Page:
Review: TMS – Fuck You, Pay Me/Slowmotion (Mora Music)

This is the second record from The Midlands based Mora Music to land on my mat in the last few months. The first one, A Lucid Dream by Nicuri, remains a quiet highlight of the year – a beautiful record that tripped into the depths but still hasn’t really had the reaction or praise I think it was due, especially Moments, a tune that invoked the shadowy spirit of Carl Craig in his early 90s pomp as well as giving a lesson in how depth and groove can and should work together for the benefit of the music. That review can be found here.

Leeds based (I think) TMS pushes beyond the reefs and into the true oceanic depths here with this début release. Although Fuck You, Pay Me may have the title of a slab of swaggering and vicious Techno, the tune itself opens in a deceptively dubby way but soon blossoms into a finely articulate journey of rhythm and frequency. Little touches weave through out the mix but its the big chords that hold the attention as they rattle the speakers alongside a groove that would be just as at home on a big room system. They also marshal the tune nicely, especially on the rare occasions it seems likely to become overly languid, adding a focus that moves the music from something slight and incidental into being a potent yet drifting builder.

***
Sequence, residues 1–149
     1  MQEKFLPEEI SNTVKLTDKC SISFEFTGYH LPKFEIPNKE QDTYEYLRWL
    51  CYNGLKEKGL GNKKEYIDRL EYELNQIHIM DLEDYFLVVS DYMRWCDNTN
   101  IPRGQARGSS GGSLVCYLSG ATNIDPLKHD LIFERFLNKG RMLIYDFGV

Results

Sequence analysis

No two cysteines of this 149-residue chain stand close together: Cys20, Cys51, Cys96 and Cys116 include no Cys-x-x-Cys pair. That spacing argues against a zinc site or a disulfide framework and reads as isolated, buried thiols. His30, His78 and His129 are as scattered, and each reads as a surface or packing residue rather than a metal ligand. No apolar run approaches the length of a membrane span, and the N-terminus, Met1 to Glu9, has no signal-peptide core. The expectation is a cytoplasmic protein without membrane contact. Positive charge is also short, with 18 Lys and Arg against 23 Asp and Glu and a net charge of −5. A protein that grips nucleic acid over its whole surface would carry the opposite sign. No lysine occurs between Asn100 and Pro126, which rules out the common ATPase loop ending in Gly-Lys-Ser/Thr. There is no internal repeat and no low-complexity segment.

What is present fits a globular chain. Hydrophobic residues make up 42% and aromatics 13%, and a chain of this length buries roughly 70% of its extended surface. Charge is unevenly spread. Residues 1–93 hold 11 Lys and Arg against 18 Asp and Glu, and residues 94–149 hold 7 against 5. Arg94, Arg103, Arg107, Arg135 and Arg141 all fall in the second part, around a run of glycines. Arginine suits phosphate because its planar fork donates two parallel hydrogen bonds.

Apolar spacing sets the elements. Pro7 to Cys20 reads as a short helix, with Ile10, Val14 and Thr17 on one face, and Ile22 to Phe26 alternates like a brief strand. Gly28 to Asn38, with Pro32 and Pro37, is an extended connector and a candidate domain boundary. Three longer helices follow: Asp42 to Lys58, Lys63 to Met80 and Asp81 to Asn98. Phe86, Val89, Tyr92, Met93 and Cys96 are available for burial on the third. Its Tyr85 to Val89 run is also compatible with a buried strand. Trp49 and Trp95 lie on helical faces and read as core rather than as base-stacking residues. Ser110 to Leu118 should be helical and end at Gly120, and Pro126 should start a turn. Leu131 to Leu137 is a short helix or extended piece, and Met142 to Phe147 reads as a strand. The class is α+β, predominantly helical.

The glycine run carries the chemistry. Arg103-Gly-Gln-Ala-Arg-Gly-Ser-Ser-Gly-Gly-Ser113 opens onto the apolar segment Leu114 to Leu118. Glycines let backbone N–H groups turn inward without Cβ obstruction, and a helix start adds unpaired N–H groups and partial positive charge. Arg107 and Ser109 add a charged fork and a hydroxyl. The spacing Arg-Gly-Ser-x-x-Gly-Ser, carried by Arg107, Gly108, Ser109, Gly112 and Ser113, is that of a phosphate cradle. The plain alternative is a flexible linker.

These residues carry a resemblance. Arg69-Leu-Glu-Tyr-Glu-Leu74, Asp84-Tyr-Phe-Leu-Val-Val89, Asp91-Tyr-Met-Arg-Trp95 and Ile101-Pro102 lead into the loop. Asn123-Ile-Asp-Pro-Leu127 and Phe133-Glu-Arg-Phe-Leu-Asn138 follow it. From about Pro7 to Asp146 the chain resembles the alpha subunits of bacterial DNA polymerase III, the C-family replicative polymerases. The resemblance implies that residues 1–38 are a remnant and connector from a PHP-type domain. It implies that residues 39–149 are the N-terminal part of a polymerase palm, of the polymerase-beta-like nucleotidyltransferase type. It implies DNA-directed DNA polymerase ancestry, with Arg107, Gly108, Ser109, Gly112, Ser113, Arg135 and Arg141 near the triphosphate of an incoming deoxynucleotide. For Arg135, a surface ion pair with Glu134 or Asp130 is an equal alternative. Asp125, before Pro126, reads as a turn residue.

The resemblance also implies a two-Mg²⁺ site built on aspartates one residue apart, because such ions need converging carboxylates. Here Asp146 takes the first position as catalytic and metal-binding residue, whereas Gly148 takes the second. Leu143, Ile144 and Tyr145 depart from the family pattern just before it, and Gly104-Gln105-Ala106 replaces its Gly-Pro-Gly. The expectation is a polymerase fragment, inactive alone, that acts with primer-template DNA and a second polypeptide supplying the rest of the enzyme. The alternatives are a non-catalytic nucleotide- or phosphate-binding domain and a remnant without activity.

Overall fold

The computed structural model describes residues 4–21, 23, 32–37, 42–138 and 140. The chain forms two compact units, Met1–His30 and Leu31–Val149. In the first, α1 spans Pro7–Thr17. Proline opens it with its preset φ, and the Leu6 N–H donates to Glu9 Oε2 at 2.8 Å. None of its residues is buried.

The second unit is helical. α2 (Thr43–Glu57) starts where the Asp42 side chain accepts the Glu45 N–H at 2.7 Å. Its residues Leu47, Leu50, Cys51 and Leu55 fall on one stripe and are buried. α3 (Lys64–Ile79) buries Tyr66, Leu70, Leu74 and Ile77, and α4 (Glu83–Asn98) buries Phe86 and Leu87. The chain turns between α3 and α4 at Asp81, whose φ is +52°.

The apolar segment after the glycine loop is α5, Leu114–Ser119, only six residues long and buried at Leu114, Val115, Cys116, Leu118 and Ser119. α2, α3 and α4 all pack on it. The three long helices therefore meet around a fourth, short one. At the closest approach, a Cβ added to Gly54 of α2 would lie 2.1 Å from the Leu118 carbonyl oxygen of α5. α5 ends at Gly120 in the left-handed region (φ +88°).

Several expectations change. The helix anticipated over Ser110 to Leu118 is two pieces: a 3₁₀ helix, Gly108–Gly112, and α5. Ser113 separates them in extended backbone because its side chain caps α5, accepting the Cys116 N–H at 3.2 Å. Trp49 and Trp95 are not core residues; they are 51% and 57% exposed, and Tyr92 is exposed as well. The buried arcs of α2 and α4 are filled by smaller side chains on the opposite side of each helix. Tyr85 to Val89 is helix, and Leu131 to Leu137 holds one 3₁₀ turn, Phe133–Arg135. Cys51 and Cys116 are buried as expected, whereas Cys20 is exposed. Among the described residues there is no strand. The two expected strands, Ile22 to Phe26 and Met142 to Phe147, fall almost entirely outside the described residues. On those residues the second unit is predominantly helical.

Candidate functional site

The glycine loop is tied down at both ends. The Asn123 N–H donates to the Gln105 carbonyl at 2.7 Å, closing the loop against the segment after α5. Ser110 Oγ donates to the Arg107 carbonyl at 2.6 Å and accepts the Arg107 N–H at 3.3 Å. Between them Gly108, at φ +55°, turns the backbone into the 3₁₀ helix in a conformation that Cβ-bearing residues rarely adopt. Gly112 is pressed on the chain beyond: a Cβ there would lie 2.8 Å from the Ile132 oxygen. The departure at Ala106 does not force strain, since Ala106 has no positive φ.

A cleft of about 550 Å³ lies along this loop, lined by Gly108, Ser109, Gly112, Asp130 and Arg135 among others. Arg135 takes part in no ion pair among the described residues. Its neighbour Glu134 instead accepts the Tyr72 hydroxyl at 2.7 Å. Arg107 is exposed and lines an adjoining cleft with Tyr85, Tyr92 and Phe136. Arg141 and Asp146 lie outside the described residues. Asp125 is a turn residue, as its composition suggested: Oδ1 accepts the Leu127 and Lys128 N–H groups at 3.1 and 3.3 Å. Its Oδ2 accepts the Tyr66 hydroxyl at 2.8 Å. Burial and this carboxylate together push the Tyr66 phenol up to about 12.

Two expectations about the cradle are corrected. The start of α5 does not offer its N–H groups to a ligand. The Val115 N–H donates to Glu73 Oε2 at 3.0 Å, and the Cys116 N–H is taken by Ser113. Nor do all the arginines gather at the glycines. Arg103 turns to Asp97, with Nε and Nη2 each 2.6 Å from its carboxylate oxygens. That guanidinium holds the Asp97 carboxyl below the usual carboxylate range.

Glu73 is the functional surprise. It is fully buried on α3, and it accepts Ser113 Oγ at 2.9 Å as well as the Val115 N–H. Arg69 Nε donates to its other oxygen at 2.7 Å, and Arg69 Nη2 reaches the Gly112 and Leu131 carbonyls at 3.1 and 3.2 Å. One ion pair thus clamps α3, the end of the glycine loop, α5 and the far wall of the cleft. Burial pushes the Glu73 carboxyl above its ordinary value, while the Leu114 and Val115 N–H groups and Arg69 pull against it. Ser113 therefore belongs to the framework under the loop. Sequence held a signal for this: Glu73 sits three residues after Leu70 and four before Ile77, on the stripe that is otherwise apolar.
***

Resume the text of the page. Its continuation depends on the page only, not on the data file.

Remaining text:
It’s the B side, though, where TMS really hits out and gives us something special. Slowmotion (No Sleep Till) is the city night reflected in amber stained rainwater and rippled by the distant and uncaring traffic. The rattled opening builds imperceptibly, keeping the groove on a leash and at arm’s length. The claps that mark every fourth beat and the disconcerting swell of the pads serve to disguise the haunting and melancholic rise of the main riff that is both bleak and gorgeous. Momentum, though, is brought by the filtered, disembodied and indistinct vocal snippet that threads through the track, bringing with it a breath of humanity to the concrete midnight.

Bobby O’ Donnel’s remix of Slowmotion kicks the tune up a gear without losing sight of the adrenal slump vibe of the original. The beats are the hardest thing on the record, the rhythm paying homage to the aquatic peak time adventures of an era where one could expect nothing except the unexpected in a DJs set. It’s the sliver flare of a yawing 303 that makes the tune so special, though: hallucinatory and grandiose, like a spirit guide in a bandana and dirty dungarees. It captures the feel of time stopping at exactly the right moment – a snapshot of a party in the ruins of long-lost rave. Moody and nostalgic yet forward-looking and warming in the memory.

Whist there are interesting (but not always essential) things being done in Deep Techno these days, there is something to TMS’s work that suggests he is interested in more than following the Tin Man or Donato Dozzy’s of this world along their path. There is a bite and strut to the music that, although not always easily apparent, points to him being an artist as interested in the swagger of the groove as the swell of the synths. Good, because without one the other is just so much noise. Looking forward to see what he does next.